SENIOR ADMINISTRATION OFFICIAL: I think President Obama has been very clear on this issue as it relates to his belief, our government's belief that such a launch would be a violation of U.N. Security Council Resolution 1718. The issue was not discussed in the context of U.N. Security Council resolutions today, but there was an exchange about North Korea, about suggestions from Pyongyang that they're preparing such a launch and a shared sense that such a move is of considerable concern.

Q Did he tell what you said to President Hu of China?

SENIOR ADMINISTRATION OFFICIAL: We'll get you that -- that's your next background briefing.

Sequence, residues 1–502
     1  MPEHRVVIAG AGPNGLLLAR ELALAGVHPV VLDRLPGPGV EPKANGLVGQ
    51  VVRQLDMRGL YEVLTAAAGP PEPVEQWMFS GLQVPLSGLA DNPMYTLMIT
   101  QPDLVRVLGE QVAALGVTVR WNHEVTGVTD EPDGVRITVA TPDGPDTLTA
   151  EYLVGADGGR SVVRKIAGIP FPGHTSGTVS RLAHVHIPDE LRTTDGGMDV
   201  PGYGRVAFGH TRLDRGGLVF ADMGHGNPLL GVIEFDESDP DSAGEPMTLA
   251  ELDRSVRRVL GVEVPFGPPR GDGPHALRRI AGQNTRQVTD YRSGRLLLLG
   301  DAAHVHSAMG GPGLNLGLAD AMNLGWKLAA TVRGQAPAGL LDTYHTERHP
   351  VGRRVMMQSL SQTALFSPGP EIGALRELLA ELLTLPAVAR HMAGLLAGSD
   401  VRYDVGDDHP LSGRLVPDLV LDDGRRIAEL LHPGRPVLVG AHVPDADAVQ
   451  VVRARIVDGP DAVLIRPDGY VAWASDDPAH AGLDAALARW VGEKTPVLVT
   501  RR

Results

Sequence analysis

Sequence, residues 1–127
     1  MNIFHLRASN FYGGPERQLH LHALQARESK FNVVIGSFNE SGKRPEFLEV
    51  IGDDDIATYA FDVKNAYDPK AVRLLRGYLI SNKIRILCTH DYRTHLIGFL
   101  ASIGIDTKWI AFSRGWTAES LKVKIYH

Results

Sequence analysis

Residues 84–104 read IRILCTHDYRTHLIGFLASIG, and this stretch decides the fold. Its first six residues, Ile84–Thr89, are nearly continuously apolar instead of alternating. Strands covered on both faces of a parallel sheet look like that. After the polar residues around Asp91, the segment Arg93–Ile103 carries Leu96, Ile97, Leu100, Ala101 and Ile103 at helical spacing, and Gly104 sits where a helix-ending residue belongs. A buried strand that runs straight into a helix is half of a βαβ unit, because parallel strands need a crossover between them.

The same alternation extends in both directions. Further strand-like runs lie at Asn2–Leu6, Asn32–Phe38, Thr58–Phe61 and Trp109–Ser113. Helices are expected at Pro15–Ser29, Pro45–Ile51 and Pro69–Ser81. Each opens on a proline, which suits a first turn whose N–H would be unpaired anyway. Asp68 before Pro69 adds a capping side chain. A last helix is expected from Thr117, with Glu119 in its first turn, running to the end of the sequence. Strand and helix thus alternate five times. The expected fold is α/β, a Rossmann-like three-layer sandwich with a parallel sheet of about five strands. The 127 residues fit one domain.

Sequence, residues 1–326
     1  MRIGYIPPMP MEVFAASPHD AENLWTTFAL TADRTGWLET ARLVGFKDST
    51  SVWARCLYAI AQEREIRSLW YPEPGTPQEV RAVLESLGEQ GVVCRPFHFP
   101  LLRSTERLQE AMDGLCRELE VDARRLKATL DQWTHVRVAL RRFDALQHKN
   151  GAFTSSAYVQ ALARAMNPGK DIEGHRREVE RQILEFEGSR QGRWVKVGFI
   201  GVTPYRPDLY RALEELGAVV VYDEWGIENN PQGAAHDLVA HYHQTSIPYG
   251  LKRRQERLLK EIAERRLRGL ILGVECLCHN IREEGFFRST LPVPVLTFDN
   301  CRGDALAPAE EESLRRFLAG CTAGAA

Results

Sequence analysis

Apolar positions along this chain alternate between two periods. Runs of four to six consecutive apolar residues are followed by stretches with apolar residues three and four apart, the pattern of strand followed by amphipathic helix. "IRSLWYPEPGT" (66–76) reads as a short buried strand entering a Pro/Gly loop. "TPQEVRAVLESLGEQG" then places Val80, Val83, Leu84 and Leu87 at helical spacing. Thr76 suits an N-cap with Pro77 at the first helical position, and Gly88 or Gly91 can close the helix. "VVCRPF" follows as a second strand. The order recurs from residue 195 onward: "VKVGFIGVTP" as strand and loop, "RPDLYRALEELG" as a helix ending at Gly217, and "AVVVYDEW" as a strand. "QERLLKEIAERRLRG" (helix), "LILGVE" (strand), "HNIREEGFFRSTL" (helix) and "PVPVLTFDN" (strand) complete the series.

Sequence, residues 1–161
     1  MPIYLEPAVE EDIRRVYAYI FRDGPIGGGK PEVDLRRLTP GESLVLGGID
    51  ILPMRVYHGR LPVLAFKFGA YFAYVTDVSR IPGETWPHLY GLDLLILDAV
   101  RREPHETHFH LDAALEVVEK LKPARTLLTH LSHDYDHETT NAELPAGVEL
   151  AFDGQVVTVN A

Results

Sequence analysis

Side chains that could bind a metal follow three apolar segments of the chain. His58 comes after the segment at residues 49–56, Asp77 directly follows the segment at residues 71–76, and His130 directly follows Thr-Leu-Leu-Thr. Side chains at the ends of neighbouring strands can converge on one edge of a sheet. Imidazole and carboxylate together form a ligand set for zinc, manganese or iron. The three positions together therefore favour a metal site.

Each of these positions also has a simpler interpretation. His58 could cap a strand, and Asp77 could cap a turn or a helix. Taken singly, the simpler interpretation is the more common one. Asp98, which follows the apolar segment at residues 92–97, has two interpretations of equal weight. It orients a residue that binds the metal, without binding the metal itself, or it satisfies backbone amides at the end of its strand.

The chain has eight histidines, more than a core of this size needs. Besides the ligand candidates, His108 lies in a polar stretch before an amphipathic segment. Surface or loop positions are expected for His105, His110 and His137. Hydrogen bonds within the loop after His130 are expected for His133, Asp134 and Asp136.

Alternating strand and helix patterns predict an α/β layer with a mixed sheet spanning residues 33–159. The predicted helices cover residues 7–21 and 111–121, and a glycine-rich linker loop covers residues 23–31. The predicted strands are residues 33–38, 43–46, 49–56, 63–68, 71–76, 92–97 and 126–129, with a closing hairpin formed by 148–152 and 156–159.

Q When you say that the path to the new treaty won't be easy, won't be an easy task, what do you mean technically and diplomatically? What -- why it wouldn't be easy to do that if you have one year -- and why, if you have any guarantees at all that the Russians are going to do their part, why is he accepting such an invitation in July, which is just six months from now?

SENIOR ADMINISTRATION OFFICIAL: So, on the first part, just to underscore the points that my colleague made -- we want a legal, binding treaty. We want a lot of the -- not all, but many of the verification procedures that are in START, and there are some technical issues, that some of them are outdates, some need to be updated -- we have to work out the verification package.